Saturday, November 26, 2005

Beyond Right and Left, by David McKnight

What a very agreeable book this is! For many a year now I’ve longed for what I would call a ‘no frills’ government, devoid of all ideological underpinnings, whether they be of a left or right bent. Instead of looking towards socialist or free market orthodoxies to answer our political questions, we would rather decide issues using common sense. In a sense, this means pretty much a conservative government.

The common people mostly rely on common sense when making life’s day to day decisions. It seems wrong and unrealistic to try and permanently fix onto people either left or right dogmas, in the belief that this will improve both them and their lifestyles.

In David McKnight’s book he gently sweeps away all of the rusted on left / right ideologies. What he leaves behind is basically an old fashioned, common sense conservative politics. In doing this, he shows that we are in fact limited in what we can change about ourselves, and in who we are, and that we should accept this. Once we have accepted that endless rule by markets are not realistic or in our best interests, and that on the other hand endless, unquestioned welfare is no good either, we can then sit down and see what is the best way to live.

This is essentially an argument about ‘getting the balance right’. So while we may be critical of the dominant neo-liberal dogma of the rule of markets, we simply cannot ignore that it is capitalism that has generated so much wealth and prosperity for our civilisation. And again, while we may be critical of welfare dependency, this does not mean that the interests of the common wealth will not be paramount to our society.

That, in a nutshell, is what I think David McKnight’s book is about. McKnight covers a lot of ground in this book, discussing in a fair amount of detail the rise of neo-liberal thought, the obsolescence of socialist thought (why this is making Labor seem more and more irrelevant) and a host of other ‘isms’.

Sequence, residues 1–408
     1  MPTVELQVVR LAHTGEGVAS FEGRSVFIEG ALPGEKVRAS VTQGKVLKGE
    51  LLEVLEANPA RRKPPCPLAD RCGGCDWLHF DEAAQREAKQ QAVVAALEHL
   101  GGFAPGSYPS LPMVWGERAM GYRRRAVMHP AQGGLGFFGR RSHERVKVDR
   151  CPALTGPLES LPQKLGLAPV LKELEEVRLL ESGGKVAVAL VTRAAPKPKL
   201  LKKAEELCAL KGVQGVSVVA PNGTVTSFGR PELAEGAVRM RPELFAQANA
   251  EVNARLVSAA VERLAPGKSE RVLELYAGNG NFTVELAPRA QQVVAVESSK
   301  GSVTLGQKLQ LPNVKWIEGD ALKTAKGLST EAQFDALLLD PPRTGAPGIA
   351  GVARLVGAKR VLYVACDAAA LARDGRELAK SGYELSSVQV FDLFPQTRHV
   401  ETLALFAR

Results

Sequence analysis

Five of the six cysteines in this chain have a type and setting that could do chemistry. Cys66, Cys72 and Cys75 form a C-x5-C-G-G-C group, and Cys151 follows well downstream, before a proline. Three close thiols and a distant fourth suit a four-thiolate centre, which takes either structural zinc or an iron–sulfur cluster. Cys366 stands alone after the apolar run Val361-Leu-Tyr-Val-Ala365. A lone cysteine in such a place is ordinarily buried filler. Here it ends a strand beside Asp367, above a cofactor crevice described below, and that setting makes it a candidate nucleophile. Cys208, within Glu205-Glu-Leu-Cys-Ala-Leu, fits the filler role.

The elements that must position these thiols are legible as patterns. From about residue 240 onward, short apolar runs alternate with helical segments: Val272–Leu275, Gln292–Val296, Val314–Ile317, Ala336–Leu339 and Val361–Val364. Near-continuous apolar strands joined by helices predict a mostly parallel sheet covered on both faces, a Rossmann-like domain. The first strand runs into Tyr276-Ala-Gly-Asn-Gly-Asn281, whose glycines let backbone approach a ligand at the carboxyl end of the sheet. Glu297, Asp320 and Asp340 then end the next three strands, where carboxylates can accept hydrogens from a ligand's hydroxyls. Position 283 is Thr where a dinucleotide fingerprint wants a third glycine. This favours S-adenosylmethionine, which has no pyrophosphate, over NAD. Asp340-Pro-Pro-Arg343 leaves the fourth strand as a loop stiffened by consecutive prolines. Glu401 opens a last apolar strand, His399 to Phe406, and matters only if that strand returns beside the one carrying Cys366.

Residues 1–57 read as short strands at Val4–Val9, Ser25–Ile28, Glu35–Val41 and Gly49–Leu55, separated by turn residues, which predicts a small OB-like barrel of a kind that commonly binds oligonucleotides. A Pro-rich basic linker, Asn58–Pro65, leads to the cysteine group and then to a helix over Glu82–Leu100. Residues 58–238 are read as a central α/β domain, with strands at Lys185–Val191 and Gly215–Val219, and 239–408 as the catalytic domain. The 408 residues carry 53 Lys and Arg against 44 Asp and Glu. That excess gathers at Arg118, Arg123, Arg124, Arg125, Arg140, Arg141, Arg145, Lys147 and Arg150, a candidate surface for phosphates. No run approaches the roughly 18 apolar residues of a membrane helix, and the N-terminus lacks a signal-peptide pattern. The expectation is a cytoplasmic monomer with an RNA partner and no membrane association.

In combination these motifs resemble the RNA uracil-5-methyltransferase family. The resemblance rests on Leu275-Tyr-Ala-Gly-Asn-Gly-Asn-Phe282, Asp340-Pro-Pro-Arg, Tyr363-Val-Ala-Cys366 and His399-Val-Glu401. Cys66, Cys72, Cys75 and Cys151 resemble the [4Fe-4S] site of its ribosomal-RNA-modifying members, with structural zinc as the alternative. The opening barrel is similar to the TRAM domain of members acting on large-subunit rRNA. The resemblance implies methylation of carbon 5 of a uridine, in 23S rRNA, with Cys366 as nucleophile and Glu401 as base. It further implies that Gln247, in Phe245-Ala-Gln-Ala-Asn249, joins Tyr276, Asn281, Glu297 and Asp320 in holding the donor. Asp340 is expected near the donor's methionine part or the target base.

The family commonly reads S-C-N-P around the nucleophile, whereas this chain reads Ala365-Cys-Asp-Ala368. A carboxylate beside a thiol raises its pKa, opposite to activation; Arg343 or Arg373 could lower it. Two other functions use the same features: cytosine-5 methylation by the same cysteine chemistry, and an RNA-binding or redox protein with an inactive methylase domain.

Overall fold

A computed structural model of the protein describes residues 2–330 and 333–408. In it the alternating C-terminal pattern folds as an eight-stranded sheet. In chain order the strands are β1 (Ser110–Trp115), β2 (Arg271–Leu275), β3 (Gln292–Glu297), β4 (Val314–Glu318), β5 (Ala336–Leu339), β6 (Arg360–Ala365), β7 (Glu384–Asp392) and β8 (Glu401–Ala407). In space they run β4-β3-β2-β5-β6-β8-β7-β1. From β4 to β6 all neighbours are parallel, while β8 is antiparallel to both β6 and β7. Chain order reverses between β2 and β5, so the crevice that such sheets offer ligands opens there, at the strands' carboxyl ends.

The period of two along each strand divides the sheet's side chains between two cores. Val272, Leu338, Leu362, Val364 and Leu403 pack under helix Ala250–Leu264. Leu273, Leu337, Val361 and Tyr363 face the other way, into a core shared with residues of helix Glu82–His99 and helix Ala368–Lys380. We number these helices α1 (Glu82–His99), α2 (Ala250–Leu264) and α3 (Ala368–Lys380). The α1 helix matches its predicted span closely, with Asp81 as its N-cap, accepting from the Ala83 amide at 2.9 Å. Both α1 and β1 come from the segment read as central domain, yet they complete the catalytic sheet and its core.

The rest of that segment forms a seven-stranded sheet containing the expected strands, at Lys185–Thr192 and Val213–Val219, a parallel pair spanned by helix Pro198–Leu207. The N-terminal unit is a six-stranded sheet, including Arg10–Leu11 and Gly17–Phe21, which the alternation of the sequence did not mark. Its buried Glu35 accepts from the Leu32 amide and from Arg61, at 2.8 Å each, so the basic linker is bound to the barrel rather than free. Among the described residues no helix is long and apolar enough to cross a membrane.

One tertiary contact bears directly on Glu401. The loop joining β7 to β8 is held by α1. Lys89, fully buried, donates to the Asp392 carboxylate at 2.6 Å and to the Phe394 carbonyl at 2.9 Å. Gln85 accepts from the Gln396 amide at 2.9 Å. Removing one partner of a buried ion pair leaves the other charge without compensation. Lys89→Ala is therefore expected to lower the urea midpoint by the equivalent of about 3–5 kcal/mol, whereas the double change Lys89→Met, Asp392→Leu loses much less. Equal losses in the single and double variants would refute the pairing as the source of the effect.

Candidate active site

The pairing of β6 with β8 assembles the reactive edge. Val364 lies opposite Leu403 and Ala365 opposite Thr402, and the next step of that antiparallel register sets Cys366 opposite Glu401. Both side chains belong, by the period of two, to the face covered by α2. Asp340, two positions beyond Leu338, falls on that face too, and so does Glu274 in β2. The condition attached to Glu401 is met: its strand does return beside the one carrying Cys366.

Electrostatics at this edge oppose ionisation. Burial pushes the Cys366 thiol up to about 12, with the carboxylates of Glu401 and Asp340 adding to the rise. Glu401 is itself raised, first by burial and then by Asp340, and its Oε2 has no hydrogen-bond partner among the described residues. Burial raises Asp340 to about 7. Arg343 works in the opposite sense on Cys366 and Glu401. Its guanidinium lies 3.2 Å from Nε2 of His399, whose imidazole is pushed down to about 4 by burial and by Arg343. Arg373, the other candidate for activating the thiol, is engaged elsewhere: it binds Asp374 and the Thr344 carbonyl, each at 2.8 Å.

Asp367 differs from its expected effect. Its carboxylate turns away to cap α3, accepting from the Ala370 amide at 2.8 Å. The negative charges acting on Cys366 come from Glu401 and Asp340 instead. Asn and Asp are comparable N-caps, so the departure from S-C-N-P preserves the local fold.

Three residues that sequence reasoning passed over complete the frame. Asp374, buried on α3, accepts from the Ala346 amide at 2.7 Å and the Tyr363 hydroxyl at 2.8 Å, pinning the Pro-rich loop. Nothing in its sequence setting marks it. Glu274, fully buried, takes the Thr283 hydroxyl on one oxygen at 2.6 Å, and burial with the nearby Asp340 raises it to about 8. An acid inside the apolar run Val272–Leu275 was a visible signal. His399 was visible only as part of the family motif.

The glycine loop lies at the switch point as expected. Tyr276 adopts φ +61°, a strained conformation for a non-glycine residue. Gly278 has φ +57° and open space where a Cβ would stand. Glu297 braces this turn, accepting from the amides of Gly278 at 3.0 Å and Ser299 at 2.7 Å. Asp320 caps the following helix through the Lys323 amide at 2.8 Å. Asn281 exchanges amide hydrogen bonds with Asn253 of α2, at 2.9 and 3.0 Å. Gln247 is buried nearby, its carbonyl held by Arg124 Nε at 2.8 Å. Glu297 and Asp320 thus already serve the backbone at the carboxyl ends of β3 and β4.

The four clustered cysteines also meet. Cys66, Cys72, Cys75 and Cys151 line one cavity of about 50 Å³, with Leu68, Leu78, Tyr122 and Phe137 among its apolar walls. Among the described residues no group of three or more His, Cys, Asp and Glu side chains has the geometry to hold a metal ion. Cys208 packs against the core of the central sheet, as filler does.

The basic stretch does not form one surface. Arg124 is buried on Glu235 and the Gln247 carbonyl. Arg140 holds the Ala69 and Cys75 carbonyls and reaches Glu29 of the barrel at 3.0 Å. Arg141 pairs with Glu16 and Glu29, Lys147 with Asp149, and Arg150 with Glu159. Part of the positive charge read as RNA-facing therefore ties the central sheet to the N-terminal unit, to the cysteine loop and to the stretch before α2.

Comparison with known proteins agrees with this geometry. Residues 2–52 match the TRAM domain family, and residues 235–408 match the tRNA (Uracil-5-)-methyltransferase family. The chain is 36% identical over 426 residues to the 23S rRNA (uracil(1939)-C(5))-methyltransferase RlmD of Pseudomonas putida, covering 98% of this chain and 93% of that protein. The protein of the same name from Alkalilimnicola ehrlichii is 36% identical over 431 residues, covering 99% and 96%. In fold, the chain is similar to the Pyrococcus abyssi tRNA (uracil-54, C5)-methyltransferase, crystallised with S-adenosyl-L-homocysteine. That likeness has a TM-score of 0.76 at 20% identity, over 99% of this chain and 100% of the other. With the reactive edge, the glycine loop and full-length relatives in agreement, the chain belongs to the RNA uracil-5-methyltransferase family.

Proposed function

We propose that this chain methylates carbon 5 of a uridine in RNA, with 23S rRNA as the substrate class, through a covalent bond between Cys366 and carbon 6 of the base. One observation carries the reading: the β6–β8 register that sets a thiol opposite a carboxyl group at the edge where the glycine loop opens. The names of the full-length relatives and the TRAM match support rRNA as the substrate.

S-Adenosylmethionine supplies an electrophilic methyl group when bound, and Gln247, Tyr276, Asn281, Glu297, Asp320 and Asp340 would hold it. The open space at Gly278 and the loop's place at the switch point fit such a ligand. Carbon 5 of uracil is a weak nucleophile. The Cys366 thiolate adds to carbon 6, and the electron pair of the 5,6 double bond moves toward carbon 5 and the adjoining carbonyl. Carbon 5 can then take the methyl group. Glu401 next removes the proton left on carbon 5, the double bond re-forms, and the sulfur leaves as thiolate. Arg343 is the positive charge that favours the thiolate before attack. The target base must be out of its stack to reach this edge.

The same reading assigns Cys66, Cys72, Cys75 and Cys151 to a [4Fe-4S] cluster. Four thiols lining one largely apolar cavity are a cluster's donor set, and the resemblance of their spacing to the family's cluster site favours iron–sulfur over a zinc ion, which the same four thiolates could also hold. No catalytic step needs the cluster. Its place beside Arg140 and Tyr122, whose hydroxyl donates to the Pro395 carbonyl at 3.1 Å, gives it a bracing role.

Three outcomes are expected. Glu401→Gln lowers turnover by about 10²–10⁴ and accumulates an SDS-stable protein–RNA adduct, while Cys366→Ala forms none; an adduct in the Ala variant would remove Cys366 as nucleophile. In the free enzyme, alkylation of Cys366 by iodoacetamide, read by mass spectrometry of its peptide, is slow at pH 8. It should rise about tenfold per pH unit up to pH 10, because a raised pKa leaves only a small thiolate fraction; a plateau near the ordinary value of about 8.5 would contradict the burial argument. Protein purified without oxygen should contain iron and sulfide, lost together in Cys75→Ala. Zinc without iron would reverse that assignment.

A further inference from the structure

I truly believe that David McKnight has captured the problem of our current political situation. We don’t need any more fancy new political theories, trying to create something out of nothing. The choices are quite simple. Do we want universal health care, or do we want it run by the market? Do we want to blame all sorts of crime on social upbringing, rather than suggesting people should take more reponsibility for their actions?

In some ways, people might find this book a bit of a let down. This book shows us our very human limitations. We simply can’t live up to the grand political ideas and movements that have sprung out of the heads of very talented people. We will never live in some type of Marxist utopia. We will never fully eradicate sexism and racism. That will continue. But having accepted this, we can look to see what we can do. Using a common sense approach, and accepting that we are all human and essentially the same, a more inclusive politics may be possible.

Beyond Right and Left is not full of grand, awe inspiring ideas. In fact, it is writing against this sort of utopian idealism. I believe, however, that it is the only real way forward in politics. McKnight has perfectly captured all our current political woes. I sincerely doubt a better book will be written on this subject for some time come. If the Labor party has any sense, it will be studying this book keenly.

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